Reading, Show Your Work!

Saurav Harsh
3 min readSep 15, 2023

“For artists, the great problem to solve is how to get oneself noticed” — Honore De Balzac. In order to be found, you have to be findable. All you have to do is show your work. — Excerpt from the book

Book Cover, Source:

Published in 2014, Show Your Work! is a follow-up of Steal Like an Artist by Austin Kleon. The book summarises the importance of showing your work out to the world and owning it like a boss, in 10 neat chapters. Aimed not just at Creatives, but at anyone who works.

Here are a few of my key takeaways from the book

1. Be an Amateur

There’s great freedom and relaxation in being an Amateur. I can learn anywhere, from anyone, fearlessly. As an Amateur, it’s easier to share my learning journey with others. Commit to my project, announce it to others and (very importantly) bring it online.

Putting the work online in this age is the cornerstone of making ourselves findable. The wonderful Internet is forcing us to stay connected with people and learn new things where people hang out and talk about things they care about. Use it to get out of the box and grow further.

Share what you love, and the people who love the same things will find you.

2. Something is better than nothing

Do not wait to finish the project to present it. Share steps of the journey taken to complete it. What is the inspiration? How is it organized it? Share the methodology. But be wary of what you share. The Internet will consume everything and anything. Once it’s out, it’s for everyone to praise, copy, criticize, and report.

Overnight Success is a myth

3. What is it that inspires you?

Have you ever thought of your idols and their inspirations? I often think about who was Akira Toriyama’s inspiration (probably Tezuka). Similarly, when people are interested in you and your work, they genuinely want to know more about you and sharing your inspirations is another way to tell people about yourself.

Share your the music you’re listening to. Your nerd hobbies or your favourite shows/movies. Show and share whatever sparks your interest. It does not always need to be about your actual work.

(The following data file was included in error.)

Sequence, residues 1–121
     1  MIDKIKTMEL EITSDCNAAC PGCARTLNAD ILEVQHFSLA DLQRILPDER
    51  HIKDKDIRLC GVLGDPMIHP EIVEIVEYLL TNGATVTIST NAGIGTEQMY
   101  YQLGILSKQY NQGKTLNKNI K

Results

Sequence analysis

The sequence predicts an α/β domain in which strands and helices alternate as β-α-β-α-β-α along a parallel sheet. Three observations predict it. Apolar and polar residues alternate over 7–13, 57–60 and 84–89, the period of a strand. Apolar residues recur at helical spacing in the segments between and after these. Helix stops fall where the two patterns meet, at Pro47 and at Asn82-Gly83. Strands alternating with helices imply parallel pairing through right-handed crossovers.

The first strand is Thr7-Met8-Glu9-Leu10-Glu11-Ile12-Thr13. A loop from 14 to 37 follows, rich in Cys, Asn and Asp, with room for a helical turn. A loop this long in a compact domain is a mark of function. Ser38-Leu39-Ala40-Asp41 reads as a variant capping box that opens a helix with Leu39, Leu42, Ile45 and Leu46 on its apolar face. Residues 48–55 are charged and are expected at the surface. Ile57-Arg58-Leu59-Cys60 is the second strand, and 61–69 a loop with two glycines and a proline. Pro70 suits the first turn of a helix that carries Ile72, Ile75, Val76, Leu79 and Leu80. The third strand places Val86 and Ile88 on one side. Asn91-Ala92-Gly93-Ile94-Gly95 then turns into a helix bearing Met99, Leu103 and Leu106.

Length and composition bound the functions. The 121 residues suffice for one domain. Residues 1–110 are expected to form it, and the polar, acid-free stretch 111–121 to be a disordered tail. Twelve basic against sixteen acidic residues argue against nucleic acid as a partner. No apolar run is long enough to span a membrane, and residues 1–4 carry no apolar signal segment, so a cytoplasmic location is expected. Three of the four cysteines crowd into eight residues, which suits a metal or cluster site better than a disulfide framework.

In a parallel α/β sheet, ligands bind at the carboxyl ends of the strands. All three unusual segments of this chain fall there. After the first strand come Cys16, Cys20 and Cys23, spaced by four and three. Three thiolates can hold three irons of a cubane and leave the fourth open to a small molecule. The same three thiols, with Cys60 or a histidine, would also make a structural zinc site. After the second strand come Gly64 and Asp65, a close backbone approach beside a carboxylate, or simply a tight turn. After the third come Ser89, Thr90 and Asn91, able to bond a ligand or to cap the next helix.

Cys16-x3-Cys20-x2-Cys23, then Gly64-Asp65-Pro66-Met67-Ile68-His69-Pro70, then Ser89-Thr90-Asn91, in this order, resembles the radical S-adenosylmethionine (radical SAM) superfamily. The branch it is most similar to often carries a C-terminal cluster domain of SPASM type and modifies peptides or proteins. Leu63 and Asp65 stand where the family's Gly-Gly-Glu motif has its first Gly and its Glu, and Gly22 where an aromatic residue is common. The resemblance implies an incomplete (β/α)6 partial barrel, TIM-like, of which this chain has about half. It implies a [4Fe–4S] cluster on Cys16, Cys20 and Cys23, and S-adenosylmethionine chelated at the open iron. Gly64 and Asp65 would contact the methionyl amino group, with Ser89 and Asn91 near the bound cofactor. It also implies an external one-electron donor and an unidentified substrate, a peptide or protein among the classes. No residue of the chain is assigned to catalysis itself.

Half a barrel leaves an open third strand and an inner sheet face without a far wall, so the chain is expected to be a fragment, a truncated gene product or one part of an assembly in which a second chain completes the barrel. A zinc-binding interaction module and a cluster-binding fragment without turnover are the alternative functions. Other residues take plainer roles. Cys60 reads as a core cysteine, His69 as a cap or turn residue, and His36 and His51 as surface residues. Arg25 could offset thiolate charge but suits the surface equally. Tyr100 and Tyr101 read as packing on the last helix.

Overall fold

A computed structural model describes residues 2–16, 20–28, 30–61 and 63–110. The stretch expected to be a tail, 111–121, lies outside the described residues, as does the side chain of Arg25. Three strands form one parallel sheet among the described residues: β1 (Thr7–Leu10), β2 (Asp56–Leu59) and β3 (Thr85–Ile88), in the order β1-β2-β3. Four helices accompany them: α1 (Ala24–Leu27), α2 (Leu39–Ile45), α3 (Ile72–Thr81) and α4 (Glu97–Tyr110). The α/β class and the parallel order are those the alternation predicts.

Don’t feel guilty about the pleasure you take in the things you enjoy. Celebrate them.

4. Taking Criticism

Choose the right people to take criticism from. People you care about just as they care about you and your work. People outside that group you create would be a risky bunch to rely on. Some could be just trolls who want to satisfy themselves with your frustration.

The trick is not caring what EVERYBODY thinks of you and just caring about what the RIGHT people think of you — Brian Michael Bendis

5. Sell Out

Aim to get paid for what you have been doing for free until now. That was the whole point anyway. Ask for Commissions and donations, get Patrons, Self-Publish, and Sell your work. Your internal motivation can last only so long. Gotta pay the bills.

It will take time to get recognized. But the most crucial part is that we keep doing our best, focus on the journey and forget the end goal.

We don’t make movies to make money, we make money to make more movies — Walt Disney

But these few points just touch the surface of the tremendous insights that Kleon has carefully crafted put into his book. I’d recommend you pick a copy and get inspired ~



Saurav Harsh

UX and Communication Designer. Sharing my thoughts and ideas on Design (UXR and UXD), Books (ones that I enjoy reading) and Art (all kinds)